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  • *We are grateful to the Editor and two anonymous referees whose comments and suggestions significantly improved the paper. We are also grateful to Sagit Bar-Gill for excellent research assistance. We thank Jacques Lawarree, Shlomit Wagman, and participants at the DIMACS 2007 conference, the UBC 2007 Summer Conference on Industrial Organization, the 2008 CEPR IO Conference, UC Berkeley, Michigan State University, Tel Aviv University, and the University of Washington for their helpful comments. A research grant from Microsoft is gratefully acknowledged. Any opinions expressed are those of the authors.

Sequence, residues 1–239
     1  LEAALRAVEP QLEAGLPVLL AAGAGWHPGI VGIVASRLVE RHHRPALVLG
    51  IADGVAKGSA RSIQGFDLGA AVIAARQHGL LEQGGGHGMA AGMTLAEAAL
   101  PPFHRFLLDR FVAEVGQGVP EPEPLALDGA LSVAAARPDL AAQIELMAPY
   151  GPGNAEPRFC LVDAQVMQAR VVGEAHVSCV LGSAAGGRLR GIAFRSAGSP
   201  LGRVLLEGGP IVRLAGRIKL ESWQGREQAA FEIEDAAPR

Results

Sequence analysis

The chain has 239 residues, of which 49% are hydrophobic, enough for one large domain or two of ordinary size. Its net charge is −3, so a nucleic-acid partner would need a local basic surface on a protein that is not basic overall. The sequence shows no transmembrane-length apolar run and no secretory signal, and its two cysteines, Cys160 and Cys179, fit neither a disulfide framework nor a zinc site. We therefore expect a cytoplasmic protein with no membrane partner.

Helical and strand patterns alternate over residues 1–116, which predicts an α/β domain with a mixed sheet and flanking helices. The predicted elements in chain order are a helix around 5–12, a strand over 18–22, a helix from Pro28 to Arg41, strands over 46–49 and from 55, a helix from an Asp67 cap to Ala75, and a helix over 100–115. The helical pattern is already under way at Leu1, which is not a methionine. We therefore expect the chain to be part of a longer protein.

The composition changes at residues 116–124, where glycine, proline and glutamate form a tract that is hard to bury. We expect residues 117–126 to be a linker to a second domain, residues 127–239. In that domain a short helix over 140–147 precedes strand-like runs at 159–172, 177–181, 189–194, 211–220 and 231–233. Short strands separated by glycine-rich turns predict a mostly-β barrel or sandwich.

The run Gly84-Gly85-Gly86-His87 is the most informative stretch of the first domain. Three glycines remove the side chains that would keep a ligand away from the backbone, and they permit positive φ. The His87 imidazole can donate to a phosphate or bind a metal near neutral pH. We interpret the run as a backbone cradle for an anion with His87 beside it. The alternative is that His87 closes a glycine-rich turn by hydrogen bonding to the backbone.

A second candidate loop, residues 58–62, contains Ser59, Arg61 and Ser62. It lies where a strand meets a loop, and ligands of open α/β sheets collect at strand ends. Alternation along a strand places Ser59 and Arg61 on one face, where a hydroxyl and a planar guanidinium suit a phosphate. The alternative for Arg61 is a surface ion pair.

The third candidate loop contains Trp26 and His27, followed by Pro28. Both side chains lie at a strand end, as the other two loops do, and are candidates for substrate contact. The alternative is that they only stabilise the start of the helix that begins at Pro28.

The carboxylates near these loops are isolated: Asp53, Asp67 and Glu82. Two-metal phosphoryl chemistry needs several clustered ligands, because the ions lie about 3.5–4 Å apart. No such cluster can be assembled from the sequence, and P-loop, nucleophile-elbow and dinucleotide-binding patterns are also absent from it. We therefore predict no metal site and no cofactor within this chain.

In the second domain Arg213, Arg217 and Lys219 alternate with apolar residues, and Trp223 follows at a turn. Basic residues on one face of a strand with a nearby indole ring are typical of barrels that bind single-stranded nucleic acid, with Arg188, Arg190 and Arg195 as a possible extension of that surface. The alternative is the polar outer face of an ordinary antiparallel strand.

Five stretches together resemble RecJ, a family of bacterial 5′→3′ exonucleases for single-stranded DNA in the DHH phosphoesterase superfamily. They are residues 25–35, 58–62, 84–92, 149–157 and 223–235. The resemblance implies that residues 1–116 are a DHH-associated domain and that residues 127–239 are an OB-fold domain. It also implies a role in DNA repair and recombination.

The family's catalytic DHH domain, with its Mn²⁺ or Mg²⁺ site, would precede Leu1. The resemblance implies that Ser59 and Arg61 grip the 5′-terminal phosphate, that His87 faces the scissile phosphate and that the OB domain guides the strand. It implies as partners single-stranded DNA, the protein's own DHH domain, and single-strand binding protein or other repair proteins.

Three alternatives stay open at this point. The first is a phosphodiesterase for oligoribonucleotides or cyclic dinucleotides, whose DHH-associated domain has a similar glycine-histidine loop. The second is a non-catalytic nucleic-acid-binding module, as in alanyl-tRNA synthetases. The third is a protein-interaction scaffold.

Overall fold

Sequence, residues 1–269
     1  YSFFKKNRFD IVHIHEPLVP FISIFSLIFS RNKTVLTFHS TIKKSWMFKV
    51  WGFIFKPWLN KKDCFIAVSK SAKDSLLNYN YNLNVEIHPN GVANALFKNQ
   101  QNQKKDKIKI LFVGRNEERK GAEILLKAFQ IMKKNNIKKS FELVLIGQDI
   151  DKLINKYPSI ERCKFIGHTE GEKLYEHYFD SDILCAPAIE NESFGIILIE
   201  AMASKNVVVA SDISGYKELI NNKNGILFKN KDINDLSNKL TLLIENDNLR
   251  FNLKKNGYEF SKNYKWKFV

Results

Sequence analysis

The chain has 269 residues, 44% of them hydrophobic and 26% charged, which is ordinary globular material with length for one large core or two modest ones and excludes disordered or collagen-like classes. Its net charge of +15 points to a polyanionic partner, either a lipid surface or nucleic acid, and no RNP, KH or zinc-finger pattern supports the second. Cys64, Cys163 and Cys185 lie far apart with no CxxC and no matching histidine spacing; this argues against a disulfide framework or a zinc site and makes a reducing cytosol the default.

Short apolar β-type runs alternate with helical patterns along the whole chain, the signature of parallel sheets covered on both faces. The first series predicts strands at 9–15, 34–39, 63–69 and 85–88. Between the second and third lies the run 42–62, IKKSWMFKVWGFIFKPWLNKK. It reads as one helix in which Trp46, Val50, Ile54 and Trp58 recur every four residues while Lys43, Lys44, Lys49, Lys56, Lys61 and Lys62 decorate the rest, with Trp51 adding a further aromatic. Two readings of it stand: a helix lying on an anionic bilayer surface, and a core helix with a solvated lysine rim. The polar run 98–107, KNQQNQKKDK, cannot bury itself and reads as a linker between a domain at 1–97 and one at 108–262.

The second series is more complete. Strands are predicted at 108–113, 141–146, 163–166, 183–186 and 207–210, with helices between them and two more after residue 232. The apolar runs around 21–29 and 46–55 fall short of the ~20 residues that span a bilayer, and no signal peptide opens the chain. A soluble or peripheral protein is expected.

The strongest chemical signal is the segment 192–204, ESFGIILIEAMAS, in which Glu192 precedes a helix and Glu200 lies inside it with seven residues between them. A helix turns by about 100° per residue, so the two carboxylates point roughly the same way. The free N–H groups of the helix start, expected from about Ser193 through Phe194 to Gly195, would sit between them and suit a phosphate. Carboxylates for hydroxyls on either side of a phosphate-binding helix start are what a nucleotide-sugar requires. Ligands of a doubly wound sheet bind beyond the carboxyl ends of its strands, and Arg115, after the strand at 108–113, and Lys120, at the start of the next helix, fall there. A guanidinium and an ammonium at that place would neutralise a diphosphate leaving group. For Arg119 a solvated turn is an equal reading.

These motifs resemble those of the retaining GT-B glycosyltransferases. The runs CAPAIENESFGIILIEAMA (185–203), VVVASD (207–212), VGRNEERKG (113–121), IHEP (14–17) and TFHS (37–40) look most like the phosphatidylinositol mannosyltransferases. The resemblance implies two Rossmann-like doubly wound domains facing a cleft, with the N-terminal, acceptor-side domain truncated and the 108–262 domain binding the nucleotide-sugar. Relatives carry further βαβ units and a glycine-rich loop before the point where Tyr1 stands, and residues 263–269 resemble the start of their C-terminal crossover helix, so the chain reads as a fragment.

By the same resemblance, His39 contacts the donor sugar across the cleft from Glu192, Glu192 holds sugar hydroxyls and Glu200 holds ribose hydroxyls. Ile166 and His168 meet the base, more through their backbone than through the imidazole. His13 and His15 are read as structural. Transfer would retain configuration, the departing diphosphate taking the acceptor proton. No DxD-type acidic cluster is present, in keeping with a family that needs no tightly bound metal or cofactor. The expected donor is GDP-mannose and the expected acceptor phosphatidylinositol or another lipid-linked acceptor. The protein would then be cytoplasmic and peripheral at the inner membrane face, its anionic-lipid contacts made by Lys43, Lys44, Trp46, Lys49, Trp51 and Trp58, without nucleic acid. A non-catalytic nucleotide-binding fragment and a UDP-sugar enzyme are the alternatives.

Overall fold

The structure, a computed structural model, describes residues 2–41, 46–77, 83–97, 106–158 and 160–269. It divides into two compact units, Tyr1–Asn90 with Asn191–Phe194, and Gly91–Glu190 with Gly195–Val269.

Software security is a major concern for vendors, consumers and regulators. When vulnerabilities are discovered after the software has been sold to consumers, the firms face a dilemma. A policy of disclosing vulnerabilities and issuing updates protects only consumers who install updates, while the disclosure itself facilitates reverse engineering of the vulnerability by hackers. The paper considers a firm that sells software which is subject to potential security breaches and derives the conditions under which a firm would disclose vulnerabilities. It examines the effect of a regulatory policy that requires mandatory disclosure of vulnerabilities and a ‘bug bounty’ program.